his first claim for relief in order to bring his Petition within the sweep of Lora. Petitioner’s second and third claims for
relief are expressly premised on Lora and related cases.
hearing before an immigration judge within six months of his or her detention.” 804 F.3d at 616.
The Second Circuit elected to adopt this “bright-line rule . . . in order to avoid the constitutional
concerns raised by indefinite detention.” Id. The holding of Lora is limited to 8 U.S.C. § 1226(c).
By its terms, the decision extends neither to § 1225(b)(1)(B)(IV) nor to 8 U.S.C. § 1226(a)―the two
statutes described in the Petition as potentially governing Petitioner’s detention. The Court need
not assess whether § 1226(a) or § 1225(b) governs Petitioner’s detention, nor is it necessary for the
Court to determine whether the holding of Lora should be expanded to apply to those statutory
provisions.2 For purposes of this decision only, the Court assumes, without holding, that Lora
applies with equal force to both of those provisions.
Assuming that the six-month limitation on detentions without a bond hearing established in
Lora applies here, Petitioner has not demonstrated that he is entitled to relief. His detention has not
yet exceeded six months—he is nearly two months shy of that mark. His April 18, 2017 hearing also
falls before the six-month mark. Therefore, as of the date of the Petition—and this order—
Petitioner has not presented the Court with a basis for relief. The Court recognizes that Petitioner’s
final hearing on the merits may take place on a date that exceeds the six-month mark, but the
possibility of future harm does not make this matter ripe for adjudication. The Court will not
assume that the IJ will refuse to consider bond either at the April 18, 2017 hearing or at some other
point before Petitioner has been in detention for six months. Nor will the Court assume that
Petitioner’s application for asylum will be denied, giving rise to an extensive appeal process.
2 The Court is aware that some district courts have held that the rule established in Lora applies also to § 1225(b). For
example, Judge Abrams concluded in her recent decision in Arias v. Aviles that “the Second Circuit’s decision in Lora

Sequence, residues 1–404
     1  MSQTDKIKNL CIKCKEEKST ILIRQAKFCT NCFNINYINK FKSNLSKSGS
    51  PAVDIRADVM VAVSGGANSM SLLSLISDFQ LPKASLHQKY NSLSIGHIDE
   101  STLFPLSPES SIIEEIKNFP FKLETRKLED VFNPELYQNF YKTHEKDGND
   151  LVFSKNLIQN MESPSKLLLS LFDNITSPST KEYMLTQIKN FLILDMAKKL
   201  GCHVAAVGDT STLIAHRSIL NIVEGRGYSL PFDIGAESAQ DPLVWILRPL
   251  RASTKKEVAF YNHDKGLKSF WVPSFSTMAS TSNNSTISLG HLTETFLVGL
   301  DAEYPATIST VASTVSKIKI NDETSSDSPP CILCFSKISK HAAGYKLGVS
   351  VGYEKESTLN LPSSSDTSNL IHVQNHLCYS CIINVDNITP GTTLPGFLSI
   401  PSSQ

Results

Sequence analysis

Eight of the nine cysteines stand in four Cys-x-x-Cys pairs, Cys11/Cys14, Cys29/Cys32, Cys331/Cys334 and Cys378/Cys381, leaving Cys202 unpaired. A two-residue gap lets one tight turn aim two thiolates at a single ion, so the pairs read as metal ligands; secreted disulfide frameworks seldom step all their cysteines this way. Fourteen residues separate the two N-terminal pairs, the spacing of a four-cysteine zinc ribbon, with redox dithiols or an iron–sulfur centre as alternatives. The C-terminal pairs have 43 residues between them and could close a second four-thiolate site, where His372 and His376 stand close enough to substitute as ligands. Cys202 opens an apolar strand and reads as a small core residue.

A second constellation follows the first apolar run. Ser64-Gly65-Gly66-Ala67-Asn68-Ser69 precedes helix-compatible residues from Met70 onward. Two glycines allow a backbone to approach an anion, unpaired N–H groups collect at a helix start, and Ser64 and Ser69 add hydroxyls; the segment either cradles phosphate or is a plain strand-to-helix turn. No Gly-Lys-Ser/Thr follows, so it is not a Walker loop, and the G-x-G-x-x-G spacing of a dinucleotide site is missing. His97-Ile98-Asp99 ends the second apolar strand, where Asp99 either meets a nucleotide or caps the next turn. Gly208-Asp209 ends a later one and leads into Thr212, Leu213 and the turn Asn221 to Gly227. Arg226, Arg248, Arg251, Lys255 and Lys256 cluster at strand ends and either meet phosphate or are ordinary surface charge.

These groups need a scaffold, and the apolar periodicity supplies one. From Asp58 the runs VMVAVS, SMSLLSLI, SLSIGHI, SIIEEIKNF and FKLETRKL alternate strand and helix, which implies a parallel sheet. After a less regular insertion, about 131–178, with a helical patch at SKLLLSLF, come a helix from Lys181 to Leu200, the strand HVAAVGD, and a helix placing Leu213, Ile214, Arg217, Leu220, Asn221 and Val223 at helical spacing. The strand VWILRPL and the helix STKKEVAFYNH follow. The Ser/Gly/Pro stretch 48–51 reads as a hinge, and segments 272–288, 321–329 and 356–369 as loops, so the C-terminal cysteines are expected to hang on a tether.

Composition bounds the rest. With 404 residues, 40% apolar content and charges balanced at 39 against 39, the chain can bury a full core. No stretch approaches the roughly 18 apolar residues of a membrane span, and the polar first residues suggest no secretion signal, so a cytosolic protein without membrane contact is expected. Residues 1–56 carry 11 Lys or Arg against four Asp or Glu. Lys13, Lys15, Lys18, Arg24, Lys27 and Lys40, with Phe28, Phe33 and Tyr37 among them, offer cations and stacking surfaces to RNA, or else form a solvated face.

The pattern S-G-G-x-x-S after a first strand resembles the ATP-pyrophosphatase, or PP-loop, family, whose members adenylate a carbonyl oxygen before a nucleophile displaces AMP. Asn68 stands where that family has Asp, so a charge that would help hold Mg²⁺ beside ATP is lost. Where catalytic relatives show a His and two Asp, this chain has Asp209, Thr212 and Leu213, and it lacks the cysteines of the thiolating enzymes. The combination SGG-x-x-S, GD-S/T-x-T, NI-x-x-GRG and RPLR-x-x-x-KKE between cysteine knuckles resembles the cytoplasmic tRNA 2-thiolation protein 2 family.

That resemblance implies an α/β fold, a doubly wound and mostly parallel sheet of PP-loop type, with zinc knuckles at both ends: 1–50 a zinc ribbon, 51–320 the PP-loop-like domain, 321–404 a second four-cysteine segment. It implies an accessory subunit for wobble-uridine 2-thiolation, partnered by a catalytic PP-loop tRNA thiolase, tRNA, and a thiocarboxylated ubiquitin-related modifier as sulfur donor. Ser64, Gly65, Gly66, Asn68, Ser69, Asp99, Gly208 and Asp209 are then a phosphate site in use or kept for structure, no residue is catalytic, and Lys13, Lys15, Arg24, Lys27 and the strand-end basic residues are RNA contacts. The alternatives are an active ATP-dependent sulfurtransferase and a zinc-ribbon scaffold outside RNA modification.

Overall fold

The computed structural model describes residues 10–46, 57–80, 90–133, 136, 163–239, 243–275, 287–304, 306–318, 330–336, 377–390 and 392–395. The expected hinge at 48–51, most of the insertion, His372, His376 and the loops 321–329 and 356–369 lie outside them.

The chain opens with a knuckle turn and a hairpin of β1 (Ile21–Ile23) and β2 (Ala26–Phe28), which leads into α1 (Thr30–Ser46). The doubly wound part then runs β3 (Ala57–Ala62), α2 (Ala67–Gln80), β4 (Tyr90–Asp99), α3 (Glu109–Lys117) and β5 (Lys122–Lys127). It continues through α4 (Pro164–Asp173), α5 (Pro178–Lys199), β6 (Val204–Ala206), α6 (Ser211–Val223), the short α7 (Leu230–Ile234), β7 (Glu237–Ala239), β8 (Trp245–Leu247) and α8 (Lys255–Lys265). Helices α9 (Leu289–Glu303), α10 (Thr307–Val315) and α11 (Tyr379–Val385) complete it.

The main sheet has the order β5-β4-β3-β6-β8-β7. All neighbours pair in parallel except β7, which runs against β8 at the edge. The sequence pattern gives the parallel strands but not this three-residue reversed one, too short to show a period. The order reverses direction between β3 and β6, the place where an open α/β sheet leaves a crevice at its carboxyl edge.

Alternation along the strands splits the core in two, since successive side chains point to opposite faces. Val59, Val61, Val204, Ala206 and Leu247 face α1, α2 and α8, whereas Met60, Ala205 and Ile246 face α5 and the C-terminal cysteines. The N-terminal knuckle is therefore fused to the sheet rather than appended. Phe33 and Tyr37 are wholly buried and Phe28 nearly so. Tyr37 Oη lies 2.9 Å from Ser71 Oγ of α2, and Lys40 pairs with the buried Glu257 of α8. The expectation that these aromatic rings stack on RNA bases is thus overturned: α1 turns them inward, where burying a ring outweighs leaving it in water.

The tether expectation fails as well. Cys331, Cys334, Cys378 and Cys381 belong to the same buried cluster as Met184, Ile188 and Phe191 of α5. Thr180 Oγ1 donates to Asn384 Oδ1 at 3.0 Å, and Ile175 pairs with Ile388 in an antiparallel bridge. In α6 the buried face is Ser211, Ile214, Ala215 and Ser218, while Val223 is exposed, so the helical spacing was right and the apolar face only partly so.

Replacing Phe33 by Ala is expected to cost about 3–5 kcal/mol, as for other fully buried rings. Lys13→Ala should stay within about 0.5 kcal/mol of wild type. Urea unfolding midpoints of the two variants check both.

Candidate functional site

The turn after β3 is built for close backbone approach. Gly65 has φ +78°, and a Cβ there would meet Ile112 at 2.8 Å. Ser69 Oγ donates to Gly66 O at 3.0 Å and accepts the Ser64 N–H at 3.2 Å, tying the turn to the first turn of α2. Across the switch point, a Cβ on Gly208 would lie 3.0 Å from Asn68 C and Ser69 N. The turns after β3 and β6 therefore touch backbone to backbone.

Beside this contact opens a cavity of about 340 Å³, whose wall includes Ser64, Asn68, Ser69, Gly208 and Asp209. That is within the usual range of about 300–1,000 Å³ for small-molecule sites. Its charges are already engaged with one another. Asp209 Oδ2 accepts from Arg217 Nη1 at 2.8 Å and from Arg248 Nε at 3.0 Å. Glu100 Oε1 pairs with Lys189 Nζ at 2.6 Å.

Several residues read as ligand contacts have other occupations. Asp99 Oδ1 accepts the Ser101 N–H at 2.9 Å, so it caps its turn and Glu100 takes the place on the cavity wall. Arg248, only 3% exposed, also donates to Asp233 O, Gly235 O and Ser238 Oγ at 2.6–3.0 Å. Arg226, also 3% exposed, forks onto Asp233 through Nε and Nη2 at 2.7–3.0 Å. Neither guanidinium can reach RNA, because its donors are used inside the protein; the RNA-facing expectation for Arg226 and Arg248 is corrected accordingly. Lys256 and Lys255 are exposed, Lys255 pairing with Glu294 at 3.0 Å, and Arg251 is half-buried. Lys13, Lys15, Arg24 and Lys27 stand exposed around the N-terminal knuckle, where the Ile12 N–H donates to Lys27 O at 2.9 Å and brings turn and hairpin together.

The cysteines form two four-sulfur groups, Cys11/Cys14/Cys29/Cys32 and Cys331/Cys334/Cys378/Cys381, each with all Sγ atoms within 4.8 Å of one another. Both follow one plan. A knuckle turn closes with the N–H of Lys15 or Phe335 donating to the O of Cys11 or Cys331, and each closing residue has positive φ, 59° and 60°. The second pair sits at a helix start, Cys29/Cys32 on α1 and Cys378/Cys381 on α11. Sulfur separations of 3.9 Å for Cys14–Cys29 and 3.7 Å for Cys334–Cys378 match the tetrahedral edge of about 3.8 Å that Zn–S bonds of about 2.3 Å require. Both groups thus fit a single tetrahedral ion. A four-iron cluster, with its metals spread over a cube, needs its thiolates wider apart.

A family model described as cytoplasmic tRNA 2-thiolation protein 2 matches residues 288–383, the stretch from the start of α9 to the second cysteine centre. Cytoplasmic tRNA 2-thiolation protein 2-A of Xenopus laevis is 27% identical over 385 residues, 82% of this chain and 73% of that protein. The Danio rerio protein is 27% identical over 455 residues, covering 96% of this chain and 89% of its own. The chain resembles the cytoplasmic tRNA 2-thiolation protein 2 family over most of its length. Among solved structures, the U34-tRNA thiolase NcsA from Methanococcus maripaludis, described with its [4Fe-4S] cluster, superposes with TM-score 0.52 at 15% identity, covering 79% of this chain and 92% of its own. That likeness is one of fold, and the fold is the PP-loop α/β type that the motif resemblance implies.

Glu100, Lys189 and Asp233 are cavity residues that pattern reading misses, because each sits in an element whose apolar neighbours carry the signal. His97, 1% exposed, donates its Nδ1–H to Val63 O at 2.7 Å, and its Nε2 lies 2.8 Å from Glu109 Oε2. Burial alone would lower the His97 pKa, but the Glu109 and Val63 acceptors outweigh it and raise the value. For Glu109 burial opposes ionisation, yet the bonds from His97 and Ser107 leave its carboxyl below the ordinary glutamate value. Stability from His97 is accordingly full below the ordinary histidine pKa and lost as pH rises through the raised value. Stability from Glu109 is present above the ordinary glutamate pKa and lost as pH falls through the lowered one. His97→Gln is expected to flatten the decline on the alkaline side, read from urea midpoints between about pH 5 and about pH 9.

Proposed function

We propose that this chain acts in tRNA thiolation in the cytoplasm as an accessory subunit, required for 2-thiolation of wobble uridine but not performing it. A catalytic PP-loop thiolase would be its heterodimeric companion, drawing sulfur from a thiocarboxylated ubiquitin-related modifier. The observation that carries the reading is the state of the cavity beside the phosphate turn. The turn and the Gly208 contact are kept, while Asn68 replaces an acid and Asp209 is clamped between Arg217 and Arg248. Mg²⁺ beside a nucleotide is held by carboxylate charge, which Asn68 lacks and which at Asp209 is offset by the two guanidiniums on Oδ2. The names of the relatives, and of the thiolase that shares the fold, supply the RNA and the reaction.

dictates that the Court interpret 8 U.S.C. § 1225(b)(2)(A) to include a reasonable temporal limitation of six months on . .
. detention.” No. 15-CV-9249 (RA), 2016 WL 3906738, at *10 (S.D.N.Y. July 14, 2016). However, the Second Circuit
has not had an opportunity to address this question, and courts in this district have reached different conclusions on the
issue. See, e.g., Cardona v. Nalls-Castillo, No. 15-CV-9866 (SAS), 2016 WL 1553430 (S.D.N.Y. Apr. 14, 2016) (concluding
that Lora “does not extend to individuals detained under Section 1225(b)”). The Court takes no position regarding the
applicability of the Second Circuit’s decision in Lora to individuals detained pursuant to § 1225(b) and need not decide
that issue at this juncture.
Accordingly, Petitioner has not established that his detention will “certainly” last longer than six
months without a bond hearing. See Raju v. Shanahan, No. 15-CV-7499 (RA), 2015 WL 7567455, at
*4 (S.D.N.Y. Nov. 23, 2015) (denying leave to amend a petition for a writ of habeas corpus where
petitioner had been detained for less than six months, and stating that “Petitioner’s speculation that
he will not receive a bail hearing before [the expiration of the six-month period] is just that—
speculation”); see also Chen v. Decker, 148 F. Supp. 3d 325, 327 (S.D.N.Y. 2015) (denying a petition for
a writ of habeas corpus where the petitioner had been detained pursuant to § 1226(c) for less than
six months); see also Texas v. United States, 523 U.S. 296, 300 (1998) (“A claim is not ripe for
adjudication if it rests upon ‘contingent future events that may not occur as anticipated, or indeed
may not occur at all.’” (quoting Thomas v. Union Carbide Agricultural Prods. Co., 473 U.S. 568, 580-81
Because Petitioner’s detention period has not exceeded the six-month period established in
Lora, and he has not asserted any other basis for the relief sought, the Petition for a writ of habeas
corpus is DENIED without prejudice.
The Clerk of Court is directed to close this case.
Dated: March 10, 2017
New York, New York
GREGORY H. WOODS
United States District Judge